'Adèle Bedeau' Is A Delightfully Macabre Mix Of Text And SubtextGraeme Macrae Burnet's stylish, atmospheric mystery can be read just as a dark little detective story — but it's worth paying attention to the novel's playful found-manuscript framing device.
If you're looking for a stylish, atmospheric mystery with a startling twist, look no further: The Disappearance of Adèle Bedeau by Graeme Macrae Burnet will be your cup of strong Continental coffee. Set in a very sleepy Alsatian town on the Gallic side of the Rhine, this novel titillates with its homage to Georges Simenon, that master of French suspense who never met a detail he didn't like.
Manfred Baumann is a loner of decided tastes and a precise routine. Despite his lack of a university degree, he's become the director of a local bank with the help of his cold, well-connected grand-père, M. Paliard. Manfred, ever-downtrodden due to his Swiss father's name and humble café roots, continues to take his lunch daily in that café, the Restaurant de la Cloche, and prides himself on having been invited to stand as a fourth in a regular bridge game.
But on one of his regular weekdays (with its regular menu of French onion soup, pot au feu, and crème brulée), he idly — and somewhat crudely — eyes the only waitress, Adèle: "She was a dark, heavy-set girl with a wide behind and large, weighty breasts." When she reappears that night as he's playing cards, she's ready for an evening out: "... [she] had changed into black tights and high heels, and was now wearing a denim jacket over a tight black top. She had applied mascara and lipstick." That minx! Manfred follows her, sees her meet an unknown man — and the next day, the stalwart Adèle does not show up for work. Has she met with foul play?
What unspools from this point resembles a classic provincial cozy. Manfred decides to find out what happened to Adèle, in the process showing us the "nondescript" city of Saint-Louis, where the brighter young people "leave for college, most likely never to return." When Manfred himself fails to earn his baccalauréat, his powerful grandfather arranges his future, but it turns out fairly well. He has a secretary, a daily routine, a tidy apartment. The only thing he lacks is a romantic partner, and in the course of his inquiries into Adèle's whereabouts, he meets a lovely woman named Alice. Manfred will solve the mystery and get the girl!
Not so fast, dear reader. Macrae Burnet has a trick or three up his manche. We should probably delve into his biography a bit; The Disappearance of Adèle Bedeau is actually the first of his three published novels, released in 2013, and we're reading it now in the U.S. because his second, His Bloody Project, was a huge success and a finalist for the Man Booker Prize. Subtitled "Documents in the case relating to Roderick Macrae," is supposedly an 1869 memoir written by a 17-year-old Scottish tenant farmer awaiting trial for three murders, "discovered" by Graeme Macrae Burnet while he researched his own Highland roots. Thriller, true crime, detective story — it's all there, and it continues the process Macrae Burnet began in Adèle Bedeau.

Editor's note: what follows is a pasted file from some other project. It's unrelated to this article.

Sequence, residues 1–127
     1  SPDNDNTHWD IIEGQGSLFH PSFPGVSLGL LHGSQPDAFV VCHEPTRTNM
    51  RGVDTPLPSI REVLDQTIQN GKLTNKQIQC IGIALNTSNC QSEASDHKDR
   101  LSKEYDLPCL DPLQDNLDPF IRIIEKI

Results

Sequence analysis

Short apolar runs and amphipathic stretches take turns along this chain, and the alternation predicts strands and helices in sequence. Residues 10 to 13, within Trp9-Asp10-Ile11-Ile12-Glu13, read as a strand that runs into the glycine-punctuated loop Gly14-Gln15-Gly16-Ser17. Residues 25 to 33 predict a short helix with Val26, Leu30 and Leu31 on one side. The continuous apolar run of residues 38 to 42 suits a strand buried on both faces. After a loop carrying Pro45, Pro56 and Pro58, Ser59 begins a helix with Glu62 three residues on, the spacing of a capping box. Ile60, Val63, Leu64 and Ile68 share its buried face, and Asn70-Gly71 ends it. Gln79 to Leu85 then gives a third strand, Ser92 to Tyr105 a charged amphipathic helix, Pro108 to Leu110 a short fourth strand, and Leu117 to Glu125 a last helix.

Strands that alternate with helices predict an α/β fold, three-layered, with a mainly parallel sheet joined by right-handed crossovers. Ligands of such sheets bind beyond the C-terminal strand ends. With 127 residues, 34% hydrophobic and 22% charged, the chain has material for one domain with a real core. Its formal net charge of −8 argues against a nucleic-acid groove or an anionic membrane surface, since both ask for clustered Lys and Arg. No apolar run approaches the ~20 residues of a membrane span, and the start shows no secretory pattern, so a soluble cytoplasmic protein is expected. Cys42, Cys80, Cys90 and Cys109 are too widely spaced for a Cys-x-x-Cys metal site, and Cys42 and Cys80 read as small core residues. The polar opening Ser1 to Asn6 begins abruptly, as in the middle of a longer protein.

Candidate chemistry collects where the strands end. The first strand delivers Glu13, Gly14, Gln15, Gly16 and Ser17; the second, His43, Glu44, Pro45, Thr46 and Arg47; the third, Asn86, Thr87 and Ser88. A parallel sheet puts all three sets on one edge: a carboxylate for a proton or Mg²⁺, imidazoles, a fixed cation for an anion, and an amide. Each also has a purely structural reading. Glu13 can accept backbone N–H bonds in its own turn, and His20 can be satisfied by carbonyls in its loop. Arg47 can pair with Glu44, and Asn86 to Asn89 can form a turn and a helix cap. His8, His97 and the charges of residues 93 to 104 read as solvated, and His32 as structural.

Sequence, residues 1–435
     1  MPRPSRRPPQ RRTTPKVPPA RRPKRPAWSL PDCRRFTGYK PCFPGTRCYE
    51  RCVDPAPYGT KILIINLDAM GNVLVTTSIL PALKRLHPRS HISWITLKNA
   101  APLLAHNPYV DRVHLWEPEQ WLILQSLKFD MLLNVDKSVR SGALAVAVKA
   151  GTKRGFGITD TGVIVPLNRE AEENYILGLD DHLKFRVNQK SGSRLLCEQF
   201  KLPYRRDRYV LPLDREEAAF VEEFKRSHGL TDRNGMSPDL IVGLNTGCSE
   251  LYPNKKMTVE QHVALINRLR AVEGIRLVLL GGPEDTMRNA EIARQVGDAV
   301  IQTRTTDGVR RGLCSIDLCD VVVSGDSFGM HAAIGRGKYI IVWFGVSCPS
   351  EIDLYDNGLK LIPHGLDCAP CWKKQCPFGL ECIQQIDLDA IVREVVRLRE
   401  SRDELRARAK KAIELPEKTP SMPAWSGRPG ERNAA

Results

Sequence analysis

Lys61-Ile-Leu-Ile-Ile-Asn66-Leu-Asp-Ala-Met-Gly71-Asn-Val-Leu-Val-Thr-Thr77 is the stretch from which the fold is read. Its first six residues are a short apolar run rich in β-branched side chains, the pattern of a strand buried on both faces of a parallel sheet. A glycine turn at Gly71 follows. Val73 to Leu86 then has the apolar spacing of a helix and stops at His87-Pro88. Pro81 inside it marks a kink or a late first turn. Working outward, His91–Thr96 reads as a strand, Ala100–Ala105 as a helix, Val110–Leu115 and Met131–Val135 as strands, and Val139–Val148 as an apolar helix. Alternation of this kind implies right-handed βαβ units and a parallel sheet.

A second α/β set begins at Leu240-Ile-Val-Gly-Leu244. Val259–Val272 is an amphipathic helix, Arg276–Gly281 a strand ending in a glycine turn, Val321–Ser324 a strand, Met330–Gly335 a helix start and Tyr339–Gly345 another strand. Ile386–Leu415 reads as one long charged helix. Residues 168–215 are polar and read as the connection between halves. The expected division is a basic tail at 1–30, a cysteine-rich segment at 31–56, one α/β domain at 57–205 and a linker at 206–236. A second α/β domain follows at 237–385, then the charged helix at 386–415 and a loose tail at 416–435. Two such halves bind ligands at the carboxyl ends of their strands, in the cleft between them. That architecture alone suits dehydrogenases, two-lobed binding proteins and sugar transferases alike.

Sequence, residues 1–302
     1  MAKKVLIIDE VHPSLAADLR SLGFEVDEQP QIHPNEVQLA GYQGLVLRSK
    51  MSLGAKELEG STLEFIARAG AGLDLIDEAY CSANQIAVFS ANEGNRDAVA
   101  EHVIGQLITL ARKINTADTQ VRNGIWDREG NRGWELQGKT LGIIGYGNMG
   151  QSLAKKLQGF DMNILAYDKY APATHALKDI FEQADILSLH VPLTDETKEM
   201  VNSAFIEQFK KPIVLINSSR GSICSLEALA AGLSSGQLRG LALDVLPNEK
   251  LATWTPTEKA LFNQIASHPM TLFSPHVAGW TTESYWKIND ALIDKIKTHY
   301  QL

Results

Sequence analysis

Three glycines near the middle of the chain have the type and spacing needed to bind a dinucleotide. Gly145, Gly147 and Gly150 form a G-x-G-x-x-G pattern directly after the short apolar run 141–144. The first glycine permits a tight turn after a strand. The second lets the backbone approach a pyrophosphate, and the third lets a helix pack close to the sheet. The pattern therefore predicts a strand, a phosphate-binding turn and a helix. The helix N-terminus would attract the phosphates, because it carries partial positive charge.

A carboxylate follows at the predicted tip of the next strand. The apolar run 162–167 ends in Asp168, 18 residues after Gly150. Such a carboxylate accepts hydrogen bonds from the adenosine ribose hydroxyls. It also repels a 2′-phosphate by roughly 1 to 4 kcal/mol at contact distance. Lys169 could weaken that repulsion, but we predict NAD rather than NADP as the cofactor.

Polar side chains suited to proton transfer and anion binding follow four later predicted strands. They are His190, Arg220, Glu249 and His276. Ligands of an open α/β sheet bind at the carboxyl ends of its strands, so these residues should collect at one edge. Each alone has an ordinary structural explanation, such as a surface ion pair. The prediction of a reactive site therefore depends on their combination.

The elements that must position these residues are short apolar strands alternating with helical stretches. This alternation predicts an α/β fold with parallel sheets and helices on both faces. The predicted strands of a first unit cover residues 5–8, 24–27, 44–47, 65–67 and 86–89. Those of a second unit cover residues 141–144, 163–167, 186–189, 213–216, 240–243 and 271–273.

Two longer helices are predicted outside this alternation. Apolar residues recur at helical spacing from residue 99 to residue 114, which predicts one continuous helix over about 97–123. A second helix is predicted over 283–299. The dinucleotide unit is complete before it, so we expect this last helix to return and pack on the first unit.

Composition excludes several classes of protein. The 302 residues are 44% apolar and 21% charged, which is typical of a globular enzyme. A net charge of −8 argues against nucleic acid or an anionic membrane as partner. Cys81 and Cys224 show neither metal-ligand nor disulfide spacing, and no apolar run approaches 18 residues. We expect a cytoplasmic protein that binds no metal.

By which I mean Macrae Burnet presents this French provincial mystery as his translation of a book by one "Raymond Brunet," and even provides a substantial afterword in which he creates a history entire for Brunet and his tiny oeuvre. "In France, the novel has been almost continuously in print since its publication in 1982, and since Claude Chabrol's screen version in 1989, it has achieved the status of a cult classic." We learn Brunet's history, which eerily mimics Manfred Baumann's. We hear about the novel's publishing trail and its succès fou adaptation. It's absolutely worth reading the afterword first, or last, or reading it and then re-reading the entire book again, because Macrae's macabre playfulness improves with each layering of text and subtext.
However, if you'd prefer to simply enjoy a dark little detective story, the author delivers on that as well. There's a twist, but it's not obvious, nor is it manipulative; it builds out of a quiet police inspector's deep intuition and knowledge of where he lives and what kind of people surround him. His careful investigation into Adèle Bedeau's disappearance satisfies like Simenon and surprises like Ruth Rendell. I can't give it any higher praise.
Bethanne Patrick is a freelance writer and critic who tweets @TheBookMaven.